21. Hello forum members! With the new Coronavirus raging across the world, I thought it would be nice to start some kind of advent calendar, using my own Squalicorax collection. Everyday I will post one or multiple Squalicorax teeth from one location. Let's see what ends sooner, my collection or the virus outbreak. I will start with the oldest tooth from the Albian substage and end with the teeth from the uppermost substage; the Maastrichtian. The first one is the oldest and also one of the smallest teeth in my collection. Unfortunately it is so small that the photo's are not as sharp as I would have liked, but I think they are good enough. It is Squalicorax primaevus from the Middle Albian Argiles tégulines of Courcelles, Aube Department, France. See you guys tomorrow, Sander
  22. Shark tooth ID (Texas)

    This was found by myself in Ellis County, TX. I believe the formation was the Atco (or at least the Austin Chalk & Eagle Ford, if I’m not mistaken). The scale is in centimeters. I can post other images if needed; these were the two I just happen to have accessible at the moment. A couple of people who saw it in person said it was Squalicorax. I have some Squalicorax that have the well-known distinctive shape, but I also know that Squalis have teeth that don’t have that angled look. I’d never seen a non-angled Squali tooth before. However, when I posted it online in a Facebook group, an experienced shark tooth collector was absolutely adamant that this is Cretoxyrhina. So now I am unsure. I am more inclined to say it is Cretoxyrhina, but I am far less familiar with vertebrates than inverts. Thank you for any help!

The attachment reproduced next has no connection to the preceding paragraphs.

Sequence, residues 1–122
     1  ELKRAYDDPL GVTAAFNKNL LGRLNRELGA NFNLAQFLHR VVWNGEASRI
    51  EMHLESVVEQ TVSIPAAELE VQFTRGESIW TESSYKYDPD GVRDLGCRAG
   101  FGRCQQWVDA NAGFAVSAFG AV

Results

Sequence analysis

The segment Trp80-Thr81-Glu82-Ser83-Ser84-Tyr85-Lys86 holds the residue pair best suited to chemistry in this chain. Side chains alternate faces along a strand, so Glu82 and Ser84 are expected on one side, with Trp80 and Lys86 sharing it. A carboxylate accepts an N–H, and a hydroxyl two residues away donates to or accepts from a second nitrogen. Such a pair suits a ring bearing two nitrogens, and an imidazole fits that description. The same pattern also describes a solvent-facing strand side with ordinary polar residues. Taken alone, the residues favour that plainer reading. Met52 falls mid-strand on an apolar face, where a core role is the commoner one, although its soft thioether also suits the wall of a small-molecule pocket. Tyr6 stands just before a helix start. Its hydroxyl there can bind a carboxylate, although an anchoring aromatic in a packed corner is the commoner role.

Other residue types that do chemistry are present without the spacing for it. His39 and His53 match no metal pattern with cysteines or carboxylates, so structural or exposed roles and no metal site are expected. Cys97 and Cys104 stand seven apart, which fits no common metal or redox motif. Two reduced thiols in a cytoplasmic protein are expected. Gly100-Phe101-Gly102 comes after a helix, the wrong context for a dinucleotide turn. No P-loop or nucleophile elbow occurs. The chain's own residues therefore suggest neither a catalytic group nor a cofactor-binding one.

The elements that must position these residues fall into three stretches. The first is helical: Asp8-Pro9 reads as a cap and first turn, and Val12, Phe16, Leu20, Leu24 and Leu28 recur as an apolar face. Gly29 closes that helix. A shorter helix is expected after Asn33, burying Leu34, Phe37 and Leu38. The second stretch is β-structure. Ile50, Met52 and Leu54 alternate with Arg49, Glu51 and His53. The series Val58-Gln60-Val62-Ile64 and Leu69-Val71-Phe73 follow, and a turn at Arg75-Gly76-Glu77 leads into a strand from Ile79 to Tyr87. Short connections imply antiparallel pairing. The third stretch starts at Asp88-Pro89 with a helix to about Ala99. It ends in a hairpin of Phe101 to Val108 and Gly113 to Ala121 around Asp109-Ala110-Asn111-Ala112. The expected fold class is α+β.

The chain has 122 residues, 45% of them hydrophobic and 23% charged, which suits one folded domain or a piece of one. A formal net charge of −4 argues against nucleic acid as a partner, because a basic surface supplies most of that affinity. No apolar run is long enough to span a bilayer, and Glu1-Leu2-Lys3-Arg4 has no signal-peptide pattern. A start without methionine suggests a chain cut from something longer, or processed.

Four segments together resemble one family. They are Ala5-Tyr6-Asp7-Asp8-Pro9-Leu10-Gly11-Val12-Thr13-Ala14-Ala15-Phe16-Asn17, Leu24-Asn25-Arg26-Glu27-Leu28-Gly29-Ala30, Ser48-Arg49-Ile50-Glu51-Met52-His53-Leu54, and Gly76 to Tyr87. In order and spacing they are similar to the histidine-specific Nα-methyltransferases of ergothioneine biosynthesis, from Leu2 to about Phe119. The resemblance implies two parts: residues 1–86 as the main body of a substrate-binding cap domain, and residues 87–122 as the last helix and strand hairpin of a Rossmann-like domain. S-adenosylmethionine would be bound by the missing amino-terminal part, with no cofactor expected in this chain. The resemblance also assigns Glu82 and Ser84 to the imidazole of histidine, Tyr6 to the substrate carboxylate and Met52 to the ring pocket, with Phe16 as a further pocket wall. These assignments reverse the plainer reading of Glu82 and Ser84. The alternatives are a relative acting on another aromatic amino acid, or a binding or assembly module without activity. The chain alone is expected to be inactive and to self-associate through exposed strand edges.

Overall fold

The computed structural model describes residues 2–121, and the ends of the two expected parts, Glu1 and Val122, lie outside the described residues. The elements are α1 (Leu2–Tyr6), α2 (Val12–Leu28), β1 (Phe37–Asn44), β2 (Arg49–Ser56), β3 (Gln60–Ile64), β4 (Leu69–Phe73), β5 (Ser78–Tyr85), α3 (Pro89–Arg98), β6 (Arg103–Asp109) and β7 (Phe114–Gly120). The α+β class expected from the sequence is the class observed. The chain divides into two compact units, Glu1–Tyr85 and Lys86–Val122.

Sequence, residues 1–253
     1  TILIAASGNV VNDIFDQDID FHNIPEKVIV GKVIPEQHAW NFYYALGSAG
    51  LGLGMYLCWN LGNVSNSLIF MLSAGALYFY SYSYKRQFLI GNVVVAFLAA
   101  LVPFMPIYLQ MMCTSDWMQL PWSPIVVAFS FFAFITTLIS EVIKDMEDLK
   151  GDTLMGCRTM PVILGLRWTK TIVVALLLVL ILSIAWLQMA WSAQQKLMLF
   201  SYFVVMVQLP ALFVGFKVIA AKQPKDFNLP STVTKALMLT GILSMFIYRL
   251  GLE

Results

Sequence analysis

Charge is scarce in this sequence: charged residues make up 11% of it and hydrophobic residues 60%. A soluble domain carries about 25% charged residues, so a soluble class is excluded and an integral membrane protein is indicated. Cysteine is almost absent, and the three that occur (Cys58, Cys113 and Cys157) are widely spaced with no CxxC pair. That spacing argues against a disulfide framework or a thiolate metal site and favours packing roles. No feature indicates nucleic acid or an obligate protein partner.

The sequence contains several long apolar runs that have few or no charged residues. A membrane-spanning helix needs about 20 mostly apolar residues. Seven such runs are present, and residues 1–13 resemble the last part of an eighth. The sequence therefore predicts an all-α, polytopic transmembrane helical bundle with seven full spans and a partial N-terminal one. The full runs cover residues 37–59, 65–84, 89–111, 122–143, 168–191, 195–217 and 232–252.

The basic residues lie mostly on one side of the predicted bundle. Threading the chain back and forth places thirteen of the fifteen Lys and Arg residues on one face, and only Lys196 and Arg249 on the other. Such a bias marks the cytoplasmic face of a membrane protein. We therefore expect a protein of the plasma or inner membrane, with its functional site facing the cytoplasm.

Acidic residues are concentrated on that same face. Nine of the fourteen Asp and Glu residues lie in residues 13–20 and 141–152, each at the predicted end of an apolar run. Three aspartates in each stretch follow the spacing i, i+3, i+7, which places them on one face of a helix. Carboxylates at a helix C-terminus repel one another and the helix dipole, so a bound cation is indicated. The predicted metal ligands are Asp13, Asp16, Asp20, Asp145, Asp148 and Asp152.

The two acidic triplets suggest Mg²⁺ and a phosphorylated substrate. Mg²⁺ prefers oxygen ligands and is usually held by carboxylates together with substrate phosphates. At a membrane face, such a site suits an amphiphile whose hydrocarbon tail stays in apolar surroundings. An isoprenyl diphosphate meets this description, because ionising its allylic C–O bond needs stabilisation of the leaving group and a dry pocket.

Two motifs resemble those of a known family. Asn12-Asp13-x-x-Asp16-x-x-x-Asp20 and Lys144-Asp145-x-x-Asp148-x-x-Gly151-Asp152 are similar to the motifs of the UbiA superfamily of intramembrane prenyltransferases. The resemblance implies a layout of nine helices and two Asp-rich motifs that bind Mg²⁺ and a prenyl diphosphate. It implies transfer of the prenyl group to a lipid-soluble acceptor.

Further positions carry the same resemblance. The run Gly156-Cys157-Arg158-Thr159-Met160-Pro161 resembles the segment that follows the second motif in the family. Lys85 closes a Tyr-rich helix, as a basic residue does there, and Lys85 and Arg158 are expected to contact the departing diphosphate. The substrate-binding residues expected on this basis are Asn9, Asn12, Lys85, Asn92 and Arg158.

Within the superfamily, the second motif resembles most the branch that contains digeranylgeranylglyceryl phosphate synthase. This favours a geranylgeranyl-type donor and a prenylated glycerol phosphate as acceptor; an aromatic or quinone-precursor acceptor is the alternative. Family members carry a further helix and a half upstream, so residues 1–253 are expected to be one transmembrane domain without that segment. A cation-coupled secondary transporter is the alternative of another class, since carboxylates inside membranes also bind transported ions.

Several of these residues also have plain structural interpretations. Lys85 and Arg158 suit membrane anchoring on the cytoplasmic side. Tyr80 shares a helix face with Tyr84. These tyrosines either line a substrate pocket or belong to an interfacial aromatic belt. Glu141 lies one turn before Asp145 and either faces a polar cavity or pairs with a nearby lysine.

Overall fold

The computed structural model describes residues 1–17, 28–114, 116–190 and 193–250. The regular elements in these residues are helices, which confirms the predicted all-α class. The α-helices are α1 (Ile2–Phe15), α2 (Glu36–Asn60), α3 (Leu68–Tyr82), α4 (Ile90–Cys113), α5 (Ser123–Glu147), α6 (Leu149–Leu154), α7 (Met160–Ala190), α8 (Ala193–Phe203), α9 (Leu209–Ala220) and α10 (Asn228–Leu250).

23. Squalicorax sp. Shark Teeth

    From the album Post Oak Creek

    Typical crow shark teeth from POC.
  24. 9/28/19 Trip

    From the album Post Oak Creek

    I found less stuff than last time, but I found a nice centrum and a shard of a mosasaur tooth. A couple teeth grouped with Scapanorynchus may be Serratolamna sp.
  25. Moroccan Squalicorax pristodontus

    Are all these three Moroccan shark teeth all Squalicorax pristodontus? Is there any other Squalicorax Sp. found there?